Mobile shopping = 40% of eBay

By Dan Wilson July 29, 2014 - 12:16 am

Mobile commerce continues to grow in importance for eBay, according to an interview with one its key executives.

Not only are 40% of eBay transactions said to be “touched by” mobile but a new and very active cohort of mobile only shoppers has arrived to use eBay. New buyers! GOLD DUST!

In the second quarter of this year, 6.6 new mobile customers came to eBay to shop. That’s very significant.

The eBay mobile app was downloaded 20 million times in Q2 this year. That’s 260 million times in total. Total mobile sales grew by 68% in Q2. 1 item a second is bought on mobile in the UK and mobile represented $20bn globally in eBay sales in 2013.

I’d note several things. Sellers: are your items optimised for mobile? If not, why not? Get to it. Check out how they look on a smart phone and amend where you can.

That means: more and better photos, ditch the photo graffiti as per the picture standards rules, ditch extraneous detail in your descriptions. Think mobile.

You might not buy using a mobile device: but everyone else is. And I’ll stick my neck out.

I think eBay is doing more than 40% on mobile. They’ve been sandbagging their numbers for months. It’s more than 40%, maybe as much as 50% and it is growing.

Have you got the message yet? MOBILE IS HUGE FOR EBAY.

Jonathan Gabbai, head of international mobile product at eBay says: “Shopping has been transformed over the past few years thanks to the adoption of smartphones. Today it’s all about a multi-screen experience – you may start a purchase by browsing on your tablet at home, do some additional research on mobile but finish your purchase in store.”

“We know that 40% of eBay transactions globally are touched by mobile at some point in the transaction, and this is only set to increase. In the UK, an item is bought every second via the eBay app and we are one of the most advanced mobile markets in terms of the proportion of eBay sales transacted via mobile.”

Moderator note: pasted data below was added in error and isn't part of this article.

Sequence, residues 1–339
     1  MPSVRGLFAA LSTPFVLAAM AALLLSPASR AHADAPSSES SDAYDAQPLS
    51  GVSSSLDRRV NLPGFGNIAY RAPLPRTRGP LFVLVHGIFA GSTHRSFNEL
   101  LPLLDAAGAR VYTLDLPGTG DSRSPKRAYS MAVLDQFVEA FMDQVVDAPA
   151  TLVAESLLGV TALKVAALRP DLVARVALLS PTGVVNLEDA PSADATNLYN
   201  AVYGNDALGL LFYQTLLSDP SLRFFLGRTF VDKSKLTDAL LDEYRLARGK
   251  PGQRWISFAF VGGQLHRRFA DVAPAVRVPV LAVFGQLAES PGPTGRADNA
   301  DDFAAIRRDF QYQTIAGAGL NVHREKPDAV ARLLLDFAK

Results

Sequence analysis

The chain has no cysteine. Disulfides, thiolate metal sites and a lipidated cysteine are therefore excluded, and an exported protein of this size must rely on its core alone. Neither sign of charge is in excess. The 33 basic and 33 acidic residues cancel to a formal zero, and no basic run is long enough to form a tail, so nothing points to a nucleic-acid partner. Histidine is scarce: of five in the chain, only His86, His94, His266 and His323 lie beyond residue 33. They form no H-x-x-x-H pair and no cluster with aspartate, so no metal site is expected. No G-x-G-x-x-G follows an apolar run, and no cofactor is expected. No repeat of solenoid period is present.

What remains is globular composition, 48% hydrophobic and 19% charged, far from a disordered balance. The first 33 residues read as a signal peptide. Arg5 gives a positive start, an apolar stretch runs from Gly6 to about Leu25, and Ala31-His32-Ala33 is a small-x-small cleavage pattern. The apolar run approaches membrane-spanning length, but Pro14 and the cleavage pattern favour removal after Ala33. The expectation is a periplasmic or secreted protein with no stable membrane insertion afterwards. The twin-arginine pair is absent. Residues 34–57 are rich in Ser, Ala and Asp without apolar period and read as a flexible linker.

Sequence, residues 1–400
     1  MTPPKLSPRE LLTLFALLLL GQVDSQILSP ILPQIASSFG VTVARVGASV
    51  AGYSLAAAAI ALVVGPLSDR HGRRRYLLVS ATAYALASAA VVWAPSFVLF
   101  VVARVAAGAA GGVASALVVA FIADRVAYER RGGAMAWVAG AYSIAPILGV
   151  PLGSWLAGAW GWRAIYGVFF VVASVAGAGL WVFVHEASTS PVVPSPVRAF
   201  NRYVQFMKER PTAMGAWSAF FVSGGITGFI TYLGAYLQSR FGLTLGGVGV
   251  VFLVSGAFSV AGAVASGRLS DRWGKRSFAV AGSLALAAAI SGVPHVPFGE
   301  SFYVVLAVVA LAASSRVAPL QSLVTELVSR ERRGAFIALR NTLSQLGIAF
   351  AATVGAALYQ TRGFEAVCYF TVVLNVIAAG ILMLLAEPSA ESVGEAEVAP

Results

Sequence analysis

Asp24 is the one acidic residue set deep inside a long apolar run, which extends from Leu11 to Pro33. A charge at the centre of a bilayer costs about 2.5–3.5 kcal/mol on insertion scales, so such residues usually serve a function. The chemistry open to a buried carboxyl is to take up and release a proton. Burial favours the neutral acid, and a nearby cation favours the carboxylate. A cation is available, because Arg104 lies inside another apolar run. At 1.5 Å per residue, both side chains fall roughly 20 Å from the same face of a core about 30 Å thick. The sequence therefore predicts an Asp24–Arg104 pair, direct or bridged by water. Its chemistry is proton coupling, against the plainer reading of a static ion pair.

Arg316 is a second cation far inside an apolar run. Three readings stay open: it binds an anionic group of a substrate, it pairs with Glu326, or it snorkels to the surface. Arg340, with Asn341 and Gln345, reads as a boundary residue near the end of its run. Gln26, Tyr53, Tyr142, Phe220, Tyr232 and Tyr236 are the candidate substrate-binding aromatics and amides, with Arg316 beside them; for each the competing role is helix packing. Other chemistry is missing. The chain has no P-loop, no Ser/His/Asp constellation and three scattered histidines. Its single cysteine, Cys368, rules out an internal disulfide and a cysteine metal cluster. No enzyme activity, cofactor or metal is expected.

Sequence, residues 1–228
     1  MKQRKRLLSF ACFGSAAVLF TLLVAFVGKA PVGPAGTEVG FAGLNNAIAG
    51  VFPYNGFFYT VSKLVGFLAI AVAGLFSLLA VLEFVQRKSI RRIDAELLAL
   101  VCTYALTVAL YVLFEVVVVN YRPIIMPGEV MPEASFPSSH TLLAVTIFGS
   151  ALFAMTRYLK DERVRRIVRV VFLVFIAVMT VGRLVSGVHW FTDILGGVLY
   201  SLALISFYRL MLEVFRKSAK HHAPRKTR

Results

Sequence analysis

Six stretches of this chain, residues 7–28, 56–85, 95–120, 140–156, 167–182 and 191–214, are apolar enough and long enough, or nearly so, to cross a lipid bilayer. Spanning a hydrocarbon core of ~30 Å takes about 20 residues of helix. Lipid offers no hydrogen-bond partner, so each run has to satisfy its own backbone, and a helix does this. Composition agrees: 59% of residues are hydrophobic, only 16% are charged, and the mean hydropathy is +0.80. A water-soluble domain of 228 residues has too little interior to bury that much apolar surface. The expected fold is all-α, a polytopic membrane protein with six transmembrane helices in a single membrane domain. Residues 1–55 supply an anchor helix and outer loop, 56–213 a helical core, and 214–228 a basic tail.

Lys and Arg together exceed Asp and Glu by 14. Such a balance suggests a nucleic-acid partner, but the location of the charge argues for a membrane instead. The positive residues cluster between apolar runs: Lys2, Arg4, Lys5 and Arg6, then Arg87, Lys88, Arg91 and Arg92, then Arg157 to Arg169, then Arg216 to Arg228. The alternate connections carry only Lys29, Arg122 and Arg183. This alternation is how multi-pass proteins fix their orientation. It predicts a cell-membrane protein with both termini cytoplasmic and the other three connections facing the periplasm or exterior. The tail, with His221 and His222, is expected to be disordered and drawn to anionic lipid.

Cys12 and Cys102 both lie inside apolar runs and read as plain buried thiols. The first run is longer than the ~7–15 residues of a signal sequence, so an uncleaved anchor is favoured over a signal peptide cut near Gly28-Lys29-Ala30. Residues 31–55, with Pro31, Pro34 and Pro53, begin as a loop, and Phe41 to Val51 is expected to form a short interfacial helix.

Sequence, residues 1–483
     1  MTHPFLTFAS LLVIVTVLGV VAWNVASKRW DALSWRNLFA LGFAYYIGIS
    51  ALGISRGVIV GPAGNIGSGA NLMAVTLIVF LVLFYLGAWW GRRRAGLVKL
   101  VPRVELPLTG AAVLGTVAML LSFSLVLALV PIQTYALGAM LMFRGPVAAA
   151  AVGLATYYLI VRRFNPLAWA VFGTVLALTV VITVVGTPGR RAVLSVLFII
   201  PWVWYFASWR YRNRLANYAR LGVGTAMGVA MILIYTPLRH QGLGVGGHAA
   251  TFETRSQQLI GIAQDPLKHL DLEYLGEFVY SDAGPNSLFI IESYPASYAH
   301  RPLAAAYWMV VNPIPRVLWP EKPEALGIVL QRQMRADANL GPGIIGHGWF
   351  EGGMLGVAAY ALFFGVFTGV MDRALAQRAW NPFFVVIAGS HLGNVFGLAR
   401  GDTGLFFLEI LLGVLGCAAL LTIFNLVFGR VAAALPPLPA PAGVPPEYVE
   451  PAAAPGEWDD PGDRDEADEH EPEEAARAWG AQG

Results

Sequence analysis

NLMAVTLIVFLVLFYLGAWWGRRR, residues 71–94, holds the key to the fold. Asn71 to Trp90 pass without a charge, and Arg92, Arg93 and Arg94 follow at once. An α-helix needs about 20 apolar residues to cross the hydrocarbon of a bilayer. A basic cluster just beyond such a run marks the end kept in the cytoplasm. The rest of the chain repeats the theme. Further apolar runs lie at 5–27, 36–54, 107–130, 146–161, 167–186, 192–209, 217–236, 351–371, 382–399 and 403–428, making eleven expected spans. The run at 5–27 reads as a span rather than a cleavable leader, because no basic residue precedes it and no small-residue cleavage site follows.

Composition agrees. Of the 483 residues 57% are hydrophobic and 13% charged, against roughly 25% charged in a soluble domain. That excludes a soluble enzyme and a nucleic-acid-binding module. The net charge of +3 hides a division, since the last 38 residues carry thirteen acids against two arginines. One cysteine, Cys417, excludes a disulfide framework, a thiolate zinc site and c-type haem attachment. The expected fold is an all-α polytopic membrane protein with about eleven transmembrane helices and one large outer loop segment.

“Shoppers want convenience, speed and choice – they want to shop anytime, anywhere, on any device. Convenience is forming an even greater part of the shopping experience and providing competitive advantage. We are seeing smart retailers creating user-friendly mobile, tablet and online platforms that work in a joined-up way.”

“Thinking about how to make shoppers’ lives simpler is a sure-fire way of tapping into consumer need. Wearables are growing in popularity for this very reason – they represent new services that reduce (or even remove altogether) the clicks you need to make a purchase.”

I repeat: this mobile thing is huge. Sellers dismiss it as a fad at their peril.

  • A+
    3 years ago

    I keep reading “are you items optimised for mobiles” but can’t figure out what this exactly entails apart from having a simple black and white description and no heavy HTML stuff

    • jimbo
      3 years ago

      Ideally it would mean that your template is “responsive”, which means it will automatically optimize itself to the device which is being used to view it.

    • A+
      3 years ago

      Thanks. How do you do that?

  • Roger C Morgan
    3 years ago

    I agree with A+, I don’t have a “smart phone” . . . actually I don’t think “smart” is a good description of them . . . so whilst I’m very aware of the impact this “hand held horror” has made on eBay should I reduce the content of my listing just for smart-phone users if I feel that I’ve cut corners on creating a full and well presented listing?

    The problem here is that this piece of supposed “cutting edge technology” is actually moving so much of what can be done on or with the web BACKWARDS in time.

    The web is now “optimised” for PC’s running good graphic cards as well as good RAM and assumes the viewer will be using a wide screen LCD . . . and we should create listings not dissimilar to those we made 5 to 10 years ago because this new, exploding market are using inferior devices?

    So I’m handing the chalice back to eBay on this one. With some of the profits they’ll make from this “new” class of user drastically alter their listing service so that it creates two side-by-side listings, one for PC/Laptop/tablet and the other for smart-phones.

    But “drop the text”? Sorry, I’m highly cautious of the unfair status buyers have to complain about anything so I use ALL the text I can and photo’s too to very accurately describe my listing . . .

    . . . and take a look at listings presently created on a “smart phone”, they’re crap so no wonder the listing ends with the big “no sales”!